CBS buys Dotspotter; that's no idle gossip

Site's engineers key to acquisition

At first glance, CBS' acquisition Thursday of 10-month-old gossip site Dotspotter looks to be the case of yet another big media company jumping into the crowded field of celebrity news sites; think AOL with TMZ or Yahoo with OMG.

But CBS Interactive president Quincy Smith said that the investment is more akin to the strategies of Cisco and Google in that its value is not the property itself but Dotspotter's "core team" of engineers, led by former Yahoo vp Anthony Soohoo.

"I'm not buying this thinking (that) we're giving TMZ a run for their money," Smith said. "There's no way we can compete with that."

Smith would not comment on the reported $10 million price tag, saying only that the investment was an "immaterial, nondisclosed amount."

Added traffic to CBS' Web network would, of course, be a bonus, Smith said. But with only 350,000 unique visitors in September, according to Compete, Dotspotter ranks far behind the millions that the likes of TMZ, OMG and PerezHilton.com attract.

The promise Smith sees is in Dotspotter's "next-generation community developers." The site ranks stories based on popularity and showcases community and social networking features based around gossip.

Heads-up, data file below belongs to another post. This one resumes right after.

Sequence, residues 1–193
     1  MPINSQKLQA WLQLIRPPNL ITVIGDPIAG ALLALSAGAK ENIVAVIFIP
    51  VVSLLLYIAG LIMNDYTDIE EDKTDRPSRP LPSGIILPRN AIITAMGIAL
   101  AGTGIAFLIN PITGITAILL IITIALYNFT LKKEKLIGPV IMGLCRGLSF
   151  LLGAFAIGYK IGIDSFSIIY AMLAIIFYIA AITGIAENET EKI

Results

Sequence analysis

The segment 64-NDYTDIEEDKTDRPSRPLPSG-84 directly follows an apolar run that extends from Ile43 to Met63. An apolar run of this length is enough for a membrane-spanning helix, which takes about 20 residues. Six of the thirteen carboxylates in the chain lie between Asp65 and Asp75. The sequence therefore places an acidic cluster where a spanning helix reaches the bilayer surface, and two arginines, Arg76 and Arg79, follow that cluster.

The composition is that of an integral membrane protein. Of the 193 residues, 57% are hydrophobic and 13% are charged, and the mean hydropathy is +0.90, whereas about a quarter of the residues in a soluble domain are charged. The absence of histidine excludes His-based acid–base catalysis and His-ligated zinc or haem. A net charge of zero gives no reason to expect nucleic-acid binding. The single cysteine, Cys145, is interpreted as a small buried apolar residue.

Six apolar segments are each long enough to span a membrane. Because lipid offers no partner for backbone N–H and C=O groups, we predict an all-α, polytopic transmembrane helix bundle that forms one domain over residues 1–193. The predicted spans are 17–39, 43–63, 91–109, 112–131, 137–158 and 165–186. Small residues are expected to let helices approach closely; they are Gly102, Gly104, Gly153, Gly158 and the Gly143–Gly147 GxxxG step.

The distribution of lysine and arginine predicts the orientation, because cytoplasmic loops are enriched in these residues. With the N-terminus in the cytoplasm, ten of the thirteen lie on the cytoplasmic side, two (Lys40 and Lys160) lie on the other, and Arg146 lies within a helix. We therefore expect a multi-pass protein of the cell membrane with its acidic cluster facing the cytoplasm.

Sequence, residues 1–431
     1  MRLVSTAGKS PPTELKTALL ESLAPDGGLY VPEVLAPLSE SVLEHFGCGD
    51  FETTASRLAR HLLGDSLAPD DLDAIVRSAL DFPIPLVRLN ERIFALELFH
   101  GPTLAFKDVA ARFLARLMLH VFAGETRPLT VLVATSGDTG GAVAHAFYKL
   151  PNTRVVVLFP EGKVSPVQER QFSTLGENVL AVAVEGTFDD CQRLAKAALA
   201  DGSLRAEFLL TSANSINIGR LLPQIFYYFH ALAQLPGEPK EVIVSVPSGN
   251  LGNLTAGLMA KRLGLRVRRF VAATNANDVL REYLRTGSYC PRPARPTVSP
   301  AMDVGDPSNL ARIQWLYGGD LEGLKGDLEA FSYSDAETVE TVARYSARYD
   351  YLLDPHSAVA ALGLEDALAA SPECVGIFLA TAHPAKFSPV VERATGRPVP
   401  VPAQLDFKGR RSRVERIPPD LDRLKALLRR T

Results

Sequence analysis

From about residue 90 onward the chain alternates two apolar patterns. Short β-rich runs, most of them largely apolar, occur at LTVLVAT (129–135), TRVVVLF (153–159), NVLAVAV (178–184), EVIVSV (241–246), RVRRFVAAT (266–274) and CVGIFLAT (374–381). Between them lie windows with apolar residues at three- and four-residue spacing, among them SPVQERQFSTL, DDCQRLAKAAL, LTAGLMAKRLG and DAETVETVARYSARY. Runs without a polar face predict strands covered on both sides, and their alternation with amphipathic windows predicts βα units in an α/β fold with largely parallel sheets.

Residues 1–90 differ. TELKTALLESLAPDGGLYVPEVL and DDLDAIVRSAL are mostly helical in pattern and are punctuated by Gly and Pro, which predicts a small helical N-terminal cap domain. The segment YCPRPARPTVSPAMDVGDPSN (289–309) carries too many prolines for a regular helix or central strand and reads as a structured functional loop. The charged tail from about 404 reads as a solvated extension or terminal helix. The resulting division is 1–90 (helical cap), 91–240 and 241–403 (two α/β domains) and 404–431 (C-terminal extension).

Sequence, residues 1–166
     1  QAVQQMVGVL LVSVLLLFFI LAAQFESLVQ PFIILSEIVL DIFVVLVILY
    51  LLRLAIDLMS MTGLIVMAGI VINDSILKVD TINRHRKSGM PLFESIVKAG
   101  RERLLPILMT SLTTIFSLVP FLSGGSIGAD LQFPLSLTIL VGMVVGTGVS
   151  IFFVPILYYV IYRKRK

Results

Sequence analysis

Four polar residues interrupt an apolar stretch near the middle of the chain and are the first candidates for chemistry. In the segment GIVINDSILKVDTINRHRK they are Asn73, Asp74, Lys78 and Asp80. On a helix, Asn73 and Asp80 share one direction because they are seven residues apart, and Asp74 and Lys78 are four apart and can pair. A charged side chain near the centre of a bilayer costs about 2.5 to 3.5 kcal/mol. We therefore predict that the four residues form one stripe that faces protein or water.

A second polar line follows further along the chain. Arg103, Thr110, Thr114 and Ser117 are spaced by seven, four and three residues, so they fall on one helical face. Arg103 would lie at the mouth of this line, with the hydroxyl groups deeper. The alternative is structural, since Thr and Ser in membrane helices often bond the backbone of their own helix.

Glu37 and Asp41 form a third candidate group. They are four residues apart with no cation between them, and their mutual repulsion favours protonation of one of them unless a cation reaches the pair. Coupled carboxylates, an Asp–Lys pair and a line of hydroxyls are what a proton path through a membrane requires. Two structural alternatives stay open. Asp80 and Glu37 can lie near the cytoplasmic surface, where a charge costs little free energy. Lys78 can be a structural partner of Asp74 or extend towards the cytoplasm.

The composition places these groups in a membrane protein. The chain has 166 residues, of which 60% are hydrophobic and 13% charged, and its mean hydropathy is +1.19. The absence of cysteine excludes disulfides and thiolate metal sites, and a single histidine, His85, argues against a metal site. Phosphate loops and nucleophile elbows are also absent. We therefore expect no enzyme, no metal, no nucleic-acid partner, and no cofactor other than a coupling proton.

"We're going to buy these guys as a core team, and we're going to unleash them on CBS.com," Smith said. "With three guys you can accomplish more than what you could have done with 80 10 years ago. These are people who can build dynamic things."

The purchase is in line with CBS' recent acquisition of Wallstrip, a humorous finance video site. Smith referred to the team behind that Web show as "Eyelab East," online producers making shortform content for the CBS.com initiative announced last month.

In contrast to the other networks, CBS has been less focused on which platforms carry its content and what form that content takes once it is online. The CBS Audience Network syndicates network content across a wide range of Web platforms, from such traditional players as AOL and Microsoft to newer names such as Joost and Bebo, and the Eyelab project encourages both professional producers and amateur users to manipulate CBS content.
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